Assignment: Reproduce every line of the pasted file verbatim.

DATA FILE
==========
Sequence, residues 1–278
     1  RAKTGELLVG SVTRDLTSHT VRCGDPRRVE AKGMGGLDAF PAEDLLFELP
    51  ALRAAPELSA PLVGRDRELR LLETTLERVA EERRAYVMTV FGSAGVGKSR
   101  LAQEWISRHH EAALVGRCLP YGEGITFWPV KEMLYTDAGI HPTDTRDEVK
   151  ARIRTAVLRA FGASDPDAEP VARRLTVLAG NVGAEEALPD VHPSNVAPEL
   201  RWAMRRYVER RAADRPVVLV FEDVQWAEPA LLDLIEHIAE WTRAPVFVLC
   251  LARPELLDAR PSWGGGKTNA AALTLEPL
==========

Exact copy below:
Sequence, residues 1–278
     1  RAKTGELLVG SVTRDLTSHT VRCGDPRRVE AKGMGGLDAF PAEDLLFELP
    51  ALRAAPELSA PLVGRDRELR LLETTLERVA EERRAYVMTV FGSAGVGKSR
   101  LAQEWISRHH EAALVGRCLP YGEGITFWPV KEMLYTDAGI HPTDTRDEVK
   151  ARIRTAVLRA FGASDPDAEP VARRLTVLAG NVGAEEALPD VHPSNVAPEL
   201  RWAMRRYVER RAADRPVVLV FEDVQWAEPA LLDLIEHIAE WTRAPVFVLC
   251  LARPELLDAR PSWGGGKTNA AALTLEPL